Barry Manilow

Barry Manilow
Barry Manilow. Photo by Jack Mitchell / Getty Images


Barry Alan Pincus - June 17, 1943, Brooklyn, New York. He later adopted his mother's maiden name Manilow as his legal surname.

Education and Early Career

Barry Manilow began playing the piano as a young child. After graduating from high school, he was accepted as a student at the Juilliard School of Music. Following his years as a student, Barry Manilow began writing theme music for television shows and commercials.

He became one of the most successful ad jingle writers. "Like a good neighbor, State Farm is there," "I am stuck on Band-Aid," and McDonald's "You deserve a break today" were among his major successes. He also appeared as the singer of major commercial ad campaigns by Kentucky Fried Chicken, Pepsi, and Dr. Pepper. In 1976, Barry Manilow received two Clio Awards for advertising excellence.

Barry Manilow and Bette Midler

In 1971 Barry Manilow met Bette Midler. She hired him as her pianist, arranger, and musical director. He accompanied her as she performed and gained a strong following from men attending New York City's notorious gay bathhouses. Barry Manilow co-produced her first two albums The Divine Miss M and Bette Midler and had the opportunity to introduce some of his own music at her 1972 concert at Carnegie Hall. He produced  Bette Midler's top 10 pop smash hit cover of the Andrews Sisters' "Boogie Woogie Bugle Boy."

During the same period, Barry Manilow recorded four songs under the name Featherbed, a project produced by Tony Orlando. Among the songs was an early uptempo version of "Could It Be Magic" which flopped when released as a single.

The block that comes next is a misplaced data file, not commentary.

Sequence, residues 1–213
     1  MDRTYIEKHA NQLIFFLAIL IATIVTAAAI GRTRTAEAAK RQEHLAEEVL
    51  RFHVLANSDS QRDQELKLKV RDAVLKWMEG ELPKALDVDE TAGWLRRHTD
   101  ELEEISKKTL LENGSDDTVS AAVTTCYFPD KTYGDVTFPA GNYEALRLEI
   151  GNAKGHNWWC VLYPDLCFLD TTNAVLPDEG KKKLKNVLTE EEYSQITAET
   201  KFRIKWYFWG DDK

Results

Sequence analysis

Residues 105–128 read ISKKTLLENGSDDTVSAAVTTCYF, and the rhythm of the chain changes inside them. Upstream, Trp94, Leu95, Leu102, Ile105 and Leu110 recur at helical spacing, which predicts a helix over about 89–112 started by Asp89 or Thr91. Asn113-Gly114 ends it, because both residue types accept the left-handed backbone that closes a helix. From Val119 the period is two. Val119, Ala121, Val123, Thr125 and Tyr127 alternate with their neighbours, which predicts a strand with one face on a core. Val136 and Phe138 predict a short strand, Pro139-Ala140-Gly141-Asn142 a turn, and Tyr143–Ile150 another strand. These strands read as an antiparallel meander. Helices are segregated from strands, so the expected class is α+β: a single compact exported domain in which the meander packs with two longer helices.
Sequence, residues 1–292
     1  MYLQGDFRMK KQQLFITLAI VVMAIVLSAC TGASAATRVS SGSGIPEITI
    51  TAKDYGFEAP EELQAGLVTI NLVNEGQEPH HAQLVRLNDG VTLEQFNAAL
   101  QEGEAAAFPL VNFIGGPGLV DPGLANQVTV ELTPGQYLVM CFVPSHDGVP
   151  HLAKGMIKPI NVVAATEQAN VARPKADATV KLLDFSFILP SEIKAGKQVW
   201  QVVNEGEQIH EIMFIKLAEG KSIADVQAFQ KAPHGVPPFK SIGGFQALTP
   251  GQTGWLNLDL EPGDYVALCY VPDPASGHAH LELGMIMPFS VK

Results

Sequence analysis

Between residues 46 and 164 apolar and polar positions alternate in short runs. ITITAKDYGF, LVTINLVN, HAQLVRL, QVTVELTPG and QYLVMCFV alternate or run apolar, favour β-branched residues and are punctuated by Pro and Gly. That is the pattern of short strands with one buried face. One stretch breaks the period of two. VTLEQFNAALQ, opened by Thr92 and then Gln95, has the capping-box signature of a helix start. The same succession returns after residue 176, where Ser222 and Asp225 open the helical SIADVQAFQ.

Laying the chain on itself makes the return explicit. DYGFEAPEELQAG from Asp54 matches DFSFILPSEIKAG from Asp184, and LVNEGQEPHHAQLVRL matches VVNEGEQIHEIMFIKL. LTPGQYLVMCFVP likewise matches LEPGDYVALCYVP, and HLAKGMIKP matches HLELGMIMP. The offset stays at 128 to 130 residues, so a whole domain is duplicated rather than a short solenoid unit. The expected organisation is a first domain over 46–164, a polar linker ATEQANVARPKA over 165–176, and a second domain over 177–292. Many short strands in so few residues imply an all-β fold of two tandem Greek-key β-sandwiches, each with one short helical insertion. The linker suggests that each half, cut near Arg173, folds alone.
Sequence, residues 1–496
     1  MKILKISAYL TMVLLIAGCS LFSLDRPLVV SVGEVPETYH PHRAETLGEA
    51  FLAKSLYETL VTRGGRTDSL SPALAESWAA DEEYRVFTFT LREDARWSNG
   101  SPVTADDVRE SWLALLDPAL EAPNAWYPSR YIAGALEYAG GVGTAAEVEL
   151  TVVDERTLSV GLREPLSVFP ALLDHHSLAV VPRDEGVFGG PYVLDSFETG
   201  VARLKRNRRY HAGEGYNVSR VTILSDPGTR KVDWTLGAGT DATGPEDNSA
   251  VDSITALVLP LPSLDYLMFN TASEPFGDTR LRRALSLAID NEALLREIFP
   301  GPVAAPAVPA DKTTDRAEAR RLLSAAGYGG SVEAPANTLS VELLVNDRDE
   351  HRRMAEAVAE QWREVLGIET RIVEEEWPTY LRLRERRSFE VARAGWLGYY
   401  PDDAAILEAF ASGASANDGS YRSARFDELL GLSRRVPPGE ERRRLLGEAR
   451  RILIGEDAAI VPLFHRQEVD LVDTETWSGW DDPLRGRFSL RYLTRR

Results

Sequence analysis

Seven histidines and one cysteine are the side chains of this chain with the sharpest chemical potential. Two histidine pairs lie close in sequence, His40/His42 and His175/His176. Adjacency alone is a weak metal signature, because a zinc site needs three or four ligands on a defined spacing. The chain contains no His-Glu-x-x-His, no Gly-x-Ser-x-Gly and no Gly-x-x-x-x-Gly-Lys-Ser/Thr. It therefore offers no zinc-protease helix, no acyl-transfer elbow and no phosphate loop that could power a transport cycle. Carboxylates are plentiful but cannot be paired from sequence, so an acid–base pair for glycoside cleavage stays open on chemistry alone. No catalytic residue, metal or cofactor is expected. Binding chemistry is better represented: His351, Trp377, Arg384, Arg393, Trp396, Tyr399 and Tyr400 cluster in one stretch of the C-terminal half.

Barry Manilow's Top 10 Pop Singles


  1. I Write the Songs - #1 1975
  2. Looks Like We Made It - #1 1977
  1. Mandy - #1 1974
  2. Can't Smile Without You - #3 1978
  3. Could It Be Magic - #6 1975
  4. Copacabana (At the Copa) - #8 1978
  5. Somewhere in the Night - #9 1979
  6. Ships - #9 1979
  7. Weekend in New England - #10 1977
  8. I Made It Through the Rain - #10 1980

Solo Success

Barry Manilow released his first, self-titled, solo album in 1973 on Bell Records. It did not sell well, but as Bell evolved into Arista, the label head, Clive Davis, suggested Manilow record a song called "Brandy" for his second album Barry Manilow II. The song's name was changed to "Mandy" to avoid conflict with an earlier hit single by another artist, and it became Barry Manilow's first #1 hit. Clive Davis also steered another song, "I Write the Songs," to Barry Manilow in 1975.

Pop Superstar

Barry Manilow emerged as one of the top pop superstars of the mid and late 1970s. He hit #1 with "Mandy," "I Write the Songs," and "Looks Like We Made It." The hit movie Foul Play with Chevy Chase and Goldie Hawn included Barry Manilow's "Ready To Take a Chance Again" on the soundtrack, and it earned him an Academy Award nomination for Best Original Song. He made a major disco splash in 1978 with the top 10 pop hit single "Copacabana (At the Copa)."

At the peak of his commercial success in 1977, Barry Manilow released the two disc album Barry Manilow Live.

It featured his big hit songs and the "Very Strange Medley," a collection of the commercial jingles he worked on either as writer or performer. The album hit #1 on the album chart and sold more than three million copies.

In the late 1970s and early 1980s, Barry Manilow found great success with TV specials. He presented four for ABC. The first premiered in March 1977 and was nominated for four Emmy Awards winning Outstanding Comedy-Variety or Music Special. His second in 1978 earned four more Emmy Award nominations. The third appeared in 1979 and won an Emmy Award for Outstanding Achievement in Choreography. 

By the end of the decade Barry Manilow even ventured into producing other artists. He worked with Dionne Warwick on her 1979 comeback album Dionne. It included the top 5 pop hit single "I'll Never Love This Way Again," her first top 10 pop hit in five years.

The song earned her a Grammy Award for Best Female Pop Vocal.